Over the ensuing years, that relationship evolved, and we have partnered with Vanguard on additional products. In 1998, we assumed management of the Capital Opportunities Fund. This is an aggressive growth fund that had been managed previously by another firm. In 2002, we launched the U.S. Opportunities Fund, which is a U.S.-based product for European investors. And in 2004, the Primecap Core Fund was launched.

Benz: Can you talk at a high level about how you arrive at estimates about the strategy’s capacity and the sorts of things you monitor, engaging where the funds are versus your estimates?

Mordecai: Christine, we really want to be sure that our high-conviction ideas can become meaningful positions in the funds we manage. So, we don’t want the funds to become too big for their given mandate. And also, we don’t want to become so large that we begin to look more like an index fund because we can only buy larger-cap companies.

Ptak: I wanted to talk a bit about incentives. At a high level, how do you structure incentives at the firm to ensure that you align practice and behaviors with the long-term focus you aspire to? For instance, how do you motivate your analysts and PMs to go deep and come up with fresh ideas without unintentionally encouraging overtrading, for instance?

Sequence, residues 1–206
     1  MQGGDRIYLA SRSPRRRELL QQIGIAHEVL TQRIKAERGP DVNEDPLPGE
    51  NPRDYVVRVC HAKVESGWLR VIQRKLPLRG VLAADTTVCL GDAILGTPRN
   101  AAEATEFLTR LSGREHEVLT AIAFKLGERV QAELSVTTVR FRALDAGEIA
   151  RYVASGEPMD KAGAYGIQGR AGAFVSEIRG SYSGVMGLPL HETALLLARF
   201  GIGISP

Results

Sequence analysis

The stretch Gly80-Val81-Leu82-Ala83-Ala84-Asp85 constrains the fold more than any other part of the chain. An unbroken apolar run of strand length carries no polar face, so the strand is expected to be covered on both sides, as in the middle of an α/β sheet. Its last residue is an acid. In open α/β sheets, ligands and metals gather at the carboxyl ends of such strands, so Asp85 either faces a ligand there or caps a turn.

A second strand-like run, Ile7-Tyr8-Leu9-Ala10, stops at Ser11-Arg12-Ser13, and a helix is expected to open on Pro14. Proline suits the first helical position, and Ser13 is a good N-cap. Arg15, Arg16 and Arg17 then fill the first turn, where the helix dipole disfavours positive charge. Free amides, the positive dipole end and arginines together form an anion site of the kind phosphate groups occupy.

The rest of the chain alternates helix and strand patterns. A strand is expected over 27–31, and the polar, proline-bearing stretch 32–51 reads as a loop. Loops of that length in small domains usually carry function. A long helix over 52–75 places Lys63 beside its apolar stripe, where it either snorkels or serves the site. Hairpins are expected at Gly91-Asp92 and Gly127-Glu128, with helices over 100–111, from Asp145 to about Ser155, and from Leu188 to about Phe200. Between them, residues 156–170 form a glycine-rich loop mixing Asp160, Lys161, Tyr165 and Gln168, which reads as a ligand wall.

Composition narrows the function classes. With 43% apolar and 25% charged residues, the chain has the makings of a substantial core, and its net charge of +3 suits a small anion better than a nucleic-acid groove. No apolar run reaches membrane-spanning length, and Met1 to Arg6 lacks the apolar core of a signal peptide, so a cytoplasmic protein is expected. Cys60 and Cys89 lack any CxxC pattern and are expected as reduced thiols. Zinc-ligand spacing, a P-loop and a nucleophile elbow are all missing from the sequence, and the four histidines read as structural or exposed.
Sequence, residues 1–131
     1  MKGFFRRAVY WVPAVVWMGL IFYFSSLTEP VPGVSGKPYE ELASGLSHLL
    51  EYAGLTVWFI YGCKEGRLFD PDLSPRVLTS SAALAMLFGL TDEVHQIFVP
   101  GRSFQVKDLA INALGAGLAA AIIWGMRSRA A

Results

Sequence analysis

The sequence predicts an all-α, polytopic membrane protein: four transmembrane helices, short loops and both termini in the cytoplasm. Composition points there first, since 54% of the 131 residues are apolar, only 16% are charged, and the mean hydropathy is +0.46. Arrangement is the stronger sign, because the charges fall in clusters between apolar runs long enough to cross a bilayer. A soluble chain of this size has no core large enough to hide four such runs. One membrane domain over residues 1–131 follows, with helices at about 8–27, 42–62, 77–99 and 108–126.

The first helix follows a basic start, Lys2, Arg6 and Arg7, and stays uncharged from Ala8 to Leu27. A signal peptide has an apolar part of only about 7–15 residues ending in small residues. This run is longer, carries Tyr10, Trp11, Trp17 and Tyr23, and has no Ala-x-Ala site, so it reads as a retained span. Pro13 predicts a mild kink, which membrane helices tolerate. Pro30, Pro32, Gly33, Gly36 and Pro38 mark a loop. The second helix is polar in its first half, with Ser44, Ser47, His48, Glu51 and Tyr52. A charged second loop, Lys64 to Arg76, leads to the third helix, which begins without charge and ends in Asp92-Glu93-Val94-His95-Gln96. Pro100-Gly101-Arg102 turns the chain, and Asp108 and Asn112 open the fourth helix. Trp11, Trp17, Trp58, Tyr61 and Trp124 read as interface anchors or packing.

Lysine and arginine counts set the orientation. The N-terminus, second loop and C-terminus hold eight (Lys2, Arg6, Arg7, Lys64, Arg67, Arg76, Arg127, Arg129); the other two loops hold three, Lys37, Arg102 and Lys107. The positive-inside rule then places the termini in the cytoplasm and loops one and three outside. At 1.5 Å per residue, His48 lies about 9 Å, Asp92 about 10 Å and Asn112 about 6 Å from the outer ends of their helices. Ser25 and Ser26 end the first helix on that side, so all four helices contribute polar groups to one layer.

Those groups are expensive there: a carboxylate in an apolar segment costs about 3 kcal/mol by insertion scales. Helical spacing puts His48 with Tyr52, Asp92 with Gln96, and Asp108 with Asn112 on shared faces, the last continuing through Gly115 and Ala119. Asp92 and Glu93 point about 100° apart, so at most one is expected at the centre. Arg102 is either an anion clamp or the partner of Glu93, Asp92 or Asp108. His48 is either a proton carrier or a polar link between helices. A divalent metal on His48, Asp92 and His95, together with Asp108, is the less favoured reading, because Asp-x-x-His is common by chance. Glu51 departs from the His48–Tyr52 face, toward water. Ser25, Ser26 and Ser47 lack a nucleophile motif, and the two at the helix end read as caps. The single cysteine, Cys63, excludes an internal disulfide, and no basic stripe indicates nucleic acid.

Mordecai: That’s a great question, Jeff. Structuring incentives to support the long-term focus of the firm is critical to our success. First, we rarely hire people laterally from other firms, especially if those firms are short-term oriented. Next, our compensation is tied to long-term performance. It would be disingenuous and even self-defeating to, on the one hand, believe that the biggest market opportunities arise with a misunderstanding of the long-term potential of companies, and on the other hand, measure and compensate analysts and portfolio managers mostly on the short-term performance. So, advancements at our firm in terms of compensation, promotions, becoming a shareholder of the firm, and growing assets managed, are based on long-term performance, both of the individual’s sleeve and also of their stock recommendations and their impact on our clients’ returns.